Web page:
Endangered sharks dumped alive- exclusive pictures from Lysekil harbour

29 March, 2022

(Use the CC button in the player’s bottom right corner to turn subtitles on and off )

Sheltered animals face a painful death.

At the bottom of Lysekil harbour there are about 60 dogfish and several rays. The spiny dogfish, the spotted dogfish and the thornback ray are classified as critically endangered and endangered. Tobias Dahlin’s/DeepSea Reporter’s close-up photos show with uncomfortable clarity that several of the sharks are still breathing, but dying.

The discovery was made by some students studying marine biology in Lysekil. Valdemar Klemming says they were walking along the harbour in the evening and spotted the white bellies of the protected sharks. The youngsters dove in and examined the dead and injured fish.

– It’s so tragic. That it should be allowed to be like this in Sweden, that protected fish can be treated in this way. Bottom trawling is damaging the sharks, torturing them to death, says Klemming.

Another of the young people, Emily Okcu Van Dyke, says that there is a growing youth movement in Lysekil, which is passionate about marine life and stopping harmful bottom trawling.

Martin Rydgren, an investigator at the Swedish Agency for Marine and Water Management, states by email:

– Protected species that are caught must be released immediately, so it is not ok for them to be dumped in the harbour!

In recreational fishing, it is relatively easy to release a protected fish that you have accidentally hooked. It is more difficult to understand how to do this when the fish is in the middle of a trawl. But the fisherman is obliged to try to save the life of the endangered fish.

If this were on land, the dumping of injured animals would be considered cruelty to animals – but wild fish are not covered by the Animal Welfare Act. Or is it a crime to mistreat fish that have been caught? Deep Sea Reporter is researching the topic. We will also put the question to the relevant authorities:

How do you protect protected and endangered fish as long as bottom trawling is allowed?

Other students who participated in the discovery are Robin Kanthe, Gustav Nyström, Erik Siemers, Kelvin Hyle’n, Victor Aron, Emanuel Nordin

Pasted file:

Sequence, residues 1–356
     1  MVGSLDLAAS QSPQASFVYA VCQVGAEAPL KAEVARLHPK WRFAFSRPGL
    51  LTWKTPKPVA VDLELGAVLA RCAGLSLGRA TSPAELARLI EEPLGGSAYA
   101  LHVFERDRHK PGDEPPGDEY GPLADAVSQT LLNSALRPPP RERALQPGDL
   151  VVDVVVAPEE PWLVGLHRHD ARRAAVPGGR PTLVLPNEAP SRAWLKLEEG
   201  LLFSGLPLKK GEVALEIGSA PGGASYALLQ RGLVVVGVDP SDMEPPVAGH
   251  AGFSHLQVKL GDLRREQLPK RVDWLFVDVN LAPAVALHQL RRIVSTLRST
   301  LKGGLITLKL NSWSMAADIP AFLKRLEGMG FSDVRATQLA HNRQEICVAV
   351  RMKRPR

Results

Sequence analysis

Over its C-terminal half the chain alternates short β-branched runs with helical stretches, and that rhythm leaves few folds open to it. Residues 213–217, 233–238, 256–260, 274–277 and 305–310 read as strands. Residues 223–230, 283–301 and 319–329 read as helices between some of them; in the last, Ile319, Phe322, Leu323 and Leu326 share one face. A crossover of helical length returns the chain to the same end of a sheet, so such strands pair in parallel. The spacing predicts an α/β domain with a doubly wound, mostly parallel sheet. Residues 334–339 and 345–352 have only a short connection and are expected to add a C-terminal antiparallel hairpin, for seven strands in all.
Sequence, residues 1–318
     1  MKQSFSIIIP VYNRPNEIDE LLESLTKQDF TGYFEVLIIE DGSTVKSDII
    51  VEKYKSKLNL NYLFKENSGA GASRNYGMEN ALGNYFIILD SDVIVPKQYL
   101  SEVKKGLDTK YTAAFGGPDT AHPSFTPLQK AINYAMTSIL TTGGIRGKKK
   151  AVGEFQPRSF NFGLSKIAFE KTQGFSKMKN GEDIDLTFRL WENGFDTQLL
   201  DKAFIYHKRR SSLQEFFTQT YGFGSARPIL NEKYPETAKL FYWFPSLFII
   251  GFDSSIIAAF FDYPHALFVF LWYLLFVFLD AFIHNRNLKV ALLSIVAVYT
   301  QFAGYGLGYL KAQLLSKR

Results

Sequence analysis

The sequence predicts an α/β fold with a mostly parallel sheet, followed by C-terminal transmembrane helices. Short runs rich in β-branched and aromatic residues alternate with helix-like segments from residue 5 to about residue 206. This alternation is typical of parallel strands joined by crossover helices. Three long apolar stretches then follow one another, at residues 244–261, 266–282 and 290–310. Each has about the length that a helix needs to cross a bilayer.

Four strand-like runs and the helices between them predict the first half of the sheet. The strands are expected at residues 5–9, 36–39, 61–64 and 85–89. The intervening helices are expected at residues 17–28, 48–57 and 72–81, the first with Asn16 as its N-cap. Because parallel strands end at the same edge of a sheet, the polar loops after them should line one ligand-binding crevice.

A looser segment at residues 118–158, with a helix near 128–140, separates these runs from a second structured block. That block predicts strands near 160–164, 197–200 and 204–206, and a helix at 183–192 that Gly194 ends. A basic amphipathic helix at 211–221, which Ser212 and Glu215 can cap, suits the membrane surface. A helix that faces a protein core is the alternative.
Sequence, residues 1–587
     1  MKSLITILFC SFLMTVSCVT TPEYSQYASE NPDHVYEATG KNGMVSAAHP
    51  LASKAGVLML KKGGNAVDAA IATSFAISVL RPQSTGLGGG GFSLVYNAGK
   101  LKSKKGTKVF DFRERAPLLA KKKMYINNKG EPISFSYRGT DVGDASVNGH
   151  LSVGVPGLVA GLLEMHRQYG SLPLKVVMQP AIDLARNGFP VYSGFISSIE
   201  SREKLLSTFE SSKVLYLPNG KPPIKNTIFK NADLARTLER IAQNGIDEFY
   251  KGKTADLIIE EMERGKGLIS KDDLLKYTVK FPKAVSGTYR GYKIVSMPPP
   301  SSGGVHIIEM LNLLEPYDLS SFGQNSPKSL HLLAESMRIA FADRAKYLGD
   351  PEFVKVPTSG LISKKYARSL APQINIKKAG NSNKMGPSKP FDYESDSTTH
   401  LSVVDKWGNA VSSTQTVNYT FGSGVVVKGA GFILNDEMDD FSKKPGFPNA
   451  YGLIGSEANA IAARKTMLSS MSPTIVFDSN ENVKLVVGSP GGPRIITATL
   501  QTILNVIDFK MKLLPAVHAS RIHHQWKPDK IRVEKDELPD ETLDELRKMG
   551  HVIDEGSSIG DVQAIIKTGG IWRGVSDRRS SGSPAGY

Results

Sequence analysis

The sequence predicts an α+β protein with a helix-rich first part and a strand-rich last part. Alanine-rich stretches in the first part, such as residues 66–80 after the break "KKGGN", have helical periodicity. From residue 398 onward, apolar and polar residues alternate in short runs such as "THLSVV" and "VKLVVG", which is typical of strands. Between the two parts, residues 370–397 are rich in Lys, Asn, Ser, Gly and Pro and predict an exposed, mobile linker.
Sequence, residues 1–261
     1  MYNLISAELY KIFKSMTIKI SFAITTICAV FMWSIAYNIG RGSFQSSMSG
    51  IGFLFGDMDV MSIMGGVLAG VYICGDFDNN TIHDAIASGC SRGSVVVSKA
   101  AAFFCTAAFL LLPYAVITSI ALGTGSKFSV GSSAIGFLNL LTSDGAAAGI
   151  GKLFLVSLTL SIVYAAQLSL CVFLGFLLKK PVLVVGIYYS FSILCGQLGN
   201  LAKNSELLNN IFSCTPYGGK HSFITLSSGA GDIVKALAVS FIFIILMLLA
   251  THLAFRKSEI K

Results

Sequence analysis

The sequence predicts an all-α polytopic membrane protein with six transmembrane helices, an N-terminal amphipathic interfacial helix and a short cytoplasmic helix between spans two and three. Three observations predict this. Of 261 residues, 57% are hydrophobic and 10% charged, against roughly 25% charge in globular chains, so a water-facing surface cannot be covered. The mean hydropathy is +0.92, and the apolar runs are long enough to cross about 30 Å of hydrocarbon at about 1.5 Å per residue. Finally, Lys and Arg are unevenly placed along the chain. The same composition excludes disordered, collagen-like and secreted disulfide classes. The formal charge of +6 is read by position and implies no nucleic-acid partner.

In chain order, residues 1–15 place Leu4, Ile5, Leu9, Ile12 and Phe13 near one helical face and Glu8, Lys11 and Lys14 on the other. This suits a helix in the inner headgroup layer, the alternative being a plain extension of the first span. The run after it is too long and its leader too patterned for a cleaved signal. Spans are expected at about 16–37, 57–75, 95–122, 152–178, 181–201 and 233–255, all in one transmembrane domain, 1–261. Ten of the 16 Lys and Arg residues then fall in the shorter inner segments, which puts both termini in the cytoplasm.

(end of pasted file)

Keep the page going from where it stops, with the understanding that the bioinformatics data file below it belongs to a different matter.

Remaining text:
Chapter 16, Section 13 of the Criminal Code /Cancelled U:2022-07-01/ If someone intentionally or through gross negligence, through abuse, overexertion or neglect or in any other way, unduly subjects animals to suffering, the penalty for cruelty to animals is a fine or imprisonment for a maximum of two years. Act (1972:629).

Chapter 16, Section 13 of the Criminal Code /Cancelled U:2022-07-01/ Anyone who intentionally or through gross negligence, by ill-treatment, overexertion or neglect or in any other way, unduly subjects animals to suffering, shall be sentenced for cruelty to animals to a fine or imprisonment for a maximum of two years. If the offence is serious, the penalty for aggravated cruelty to animals is imprisonment for a minimum of six months and a maximum of four years. In assessing whether the offence is serious, particular account shall be taken of whether the act
1. has caused serious suffering to the animal or animals,
2. has involved a large number of animals; or
3. has otherwise been of a particularly reckless or dangerous nature.
Law (2022:116).

Text: Peter Löfgren
Photo: Tobias Dahlin

Related articles

Öresund is a unique marine environment. In the waters between Denmark and Skåne, the sweet and oxygen-poor waters of the Baltic Sea meet the salty oxygen-rich water from the Kattegat. Trawl ban has been in place for almost 90 years…
Report: Marko T. Wramén
Whales, with their majestic appearance, enthrall most people, but human activity in the oceans makes it increasingly difficult for animals. Now the World Wildlife Fund (WWF) is pulling the emergency brake, requiring special whale protection areas for the routes whales migrate along…
Text: Tomas Lauffs/TT
Photo: Johan Hallnäs/TT, Tony Wu/WWF
The eel is critically endangered, and now research says that all human impact on the eel must stop. But in southern Sweden, eel fishing is seen as a cultural tradition, and every autumn large parties are organized where it is cooked and served in different ways. How is it that Swedes continue to eat the critically endangered species? …
Reportage: Fanny Jönsson
Photo: Marcus Larsson, Robert Westerberg
Pictures of eels: Marko Wramén, Hans Berggren
UV Photo: Göran Ehlmé and Johan Candert
Editor: Alexandre Gobatti
Scroll to Top